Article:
The civil justice system is increasingly being asked to resolve disputes between large aggregations of plaintiffs and defendants. This mass litigation is placing considerable strain on a system whose formal and informal procedures and practices are based on expectations about traditional disputants that no longer necessarily hold. Some formal mechanisms, such as class actions and multidistricting, have been devised to deal with certain classes of mass litigation, but there are questions about when and how they should be applied. This Note presents the Institute for Civil Justice's (ICJ) agenda for a program of research on mass tort litigation, and the results of ICJ work to date. The analysis explores the effects of aggregation on the characteristics, course, and outcome of mass litigation.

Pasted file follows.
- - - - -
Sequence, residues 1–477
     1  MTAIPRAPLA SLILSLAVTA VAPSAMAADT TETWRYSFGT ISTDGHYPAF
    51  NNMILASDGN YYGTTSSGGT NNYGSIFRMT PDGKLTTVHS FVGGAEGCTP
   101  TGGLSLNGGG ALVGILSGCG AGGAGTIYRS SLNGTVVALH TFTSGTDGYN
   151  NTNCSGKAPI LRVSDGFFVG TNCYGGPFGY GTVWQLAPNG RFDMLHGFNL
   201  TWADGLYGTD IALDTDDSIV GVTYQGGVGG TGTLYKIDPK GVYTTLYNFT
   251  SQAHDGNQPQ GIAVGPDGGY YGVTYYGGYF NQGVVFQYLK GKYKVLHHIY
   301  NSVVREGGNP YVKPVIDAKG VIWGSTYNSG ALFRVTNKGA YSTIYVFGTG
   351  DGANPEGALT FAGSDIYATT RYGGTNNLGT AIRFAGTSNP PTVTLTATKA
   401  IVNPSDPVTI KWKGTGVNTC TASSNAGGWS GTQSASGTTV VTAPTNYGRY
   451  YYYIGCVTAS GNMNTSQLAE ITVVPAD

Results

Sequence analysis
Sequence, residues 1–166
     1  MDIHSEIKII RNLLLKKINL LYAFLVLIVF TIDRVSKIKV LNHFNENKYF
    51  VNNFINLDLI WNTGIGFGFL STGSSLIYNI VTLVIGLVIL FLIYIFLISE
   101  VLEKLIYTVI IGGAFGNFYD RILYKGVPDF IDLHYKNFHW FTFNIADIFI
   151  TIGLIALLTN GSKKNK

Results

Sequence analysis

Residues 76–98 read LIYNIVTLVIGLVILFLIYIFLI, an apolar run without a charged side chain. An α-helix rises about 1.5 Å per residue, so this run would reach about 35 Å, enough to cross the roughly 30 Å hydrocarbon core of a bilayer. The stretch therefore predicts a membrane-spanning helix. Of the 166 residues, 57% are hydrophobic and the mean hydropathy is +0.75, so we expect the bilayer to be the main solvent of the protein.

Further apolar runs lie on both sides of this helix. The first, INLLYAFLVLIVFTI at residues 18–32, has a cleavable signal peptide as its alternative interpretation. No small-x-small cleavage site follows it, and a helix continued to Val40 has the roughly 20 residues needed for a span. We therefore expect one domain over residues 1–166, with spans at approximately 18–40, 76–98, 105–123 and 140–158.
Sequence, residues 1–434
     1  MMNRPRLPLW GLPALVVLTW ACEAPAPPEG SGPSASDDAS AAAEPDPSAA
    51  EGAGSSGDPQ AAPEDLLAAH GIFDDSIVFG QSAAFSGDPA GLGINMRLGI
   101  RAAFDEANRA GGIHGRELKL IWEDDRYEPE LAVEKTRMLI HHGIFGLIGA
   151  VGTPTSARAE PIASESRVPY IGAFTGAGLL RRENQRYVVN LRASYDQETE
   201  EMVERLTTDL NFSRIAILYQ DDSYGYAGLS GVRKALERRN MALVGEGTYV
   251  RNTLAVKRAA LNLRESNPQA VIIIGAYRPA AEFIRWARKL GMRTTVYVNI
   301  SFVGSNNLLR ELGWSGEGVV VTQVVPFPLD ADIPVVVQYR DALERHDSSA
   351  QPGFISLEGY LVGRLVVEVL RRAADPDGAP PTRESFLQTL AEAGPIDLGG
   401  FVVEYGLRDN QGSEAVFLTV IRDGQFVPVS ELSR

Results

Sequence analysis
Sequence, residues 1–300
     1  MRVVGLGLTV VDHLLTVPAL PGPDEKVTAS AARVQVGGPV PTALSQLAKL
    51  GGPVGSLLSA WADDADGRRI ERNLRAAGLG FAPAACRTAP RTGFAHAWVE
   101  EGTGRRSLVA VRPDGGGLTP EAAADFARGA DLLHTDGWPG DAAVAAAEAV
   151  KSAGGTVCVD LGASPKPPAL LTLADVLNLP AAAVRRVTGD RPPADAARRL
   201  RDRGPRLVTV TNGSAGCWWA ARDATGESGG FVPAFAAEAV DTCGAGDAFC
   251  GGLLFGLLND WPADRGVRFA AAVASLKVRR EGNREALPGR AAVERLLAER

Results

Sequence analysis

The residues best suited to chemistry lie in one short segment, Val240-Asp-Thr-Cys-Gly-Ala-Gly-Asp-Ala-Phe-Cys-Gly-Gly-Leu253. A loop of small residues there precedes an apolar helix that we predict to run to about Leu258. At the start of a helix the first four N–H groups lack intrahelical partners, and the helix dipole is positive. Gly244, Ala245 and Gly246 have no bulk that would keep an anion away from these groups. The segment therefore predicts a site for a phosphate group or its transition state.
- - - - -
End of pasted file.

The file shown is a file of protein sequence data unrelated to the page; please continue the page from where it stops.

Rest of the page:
This report is part of the RAND Corporation Note series. The note was a product of the RAND Corporation from 1979 to 1993 that reported other outputs of sponsored research for general distribution.
This document and trademark(s) contained herein are protected by law. This representation of RAND intellectual property is provided for noncommercial use only. Unauthorized posting of this publication online is prohibited; linking directly to this product page is encouraged. Permission is required from RAND to reproduce, or reuse in another form, any of its research documents for commercial purposes. For information on reprint and reuse permissions, please visit www.rand.org/pubs/permissions.
The RAND Corporation is a nonprofit institution that helps improve policy and decisionmaking through research and analysis. RAND's publications do not necessarily reflect the opinions of its research clients and sponsors.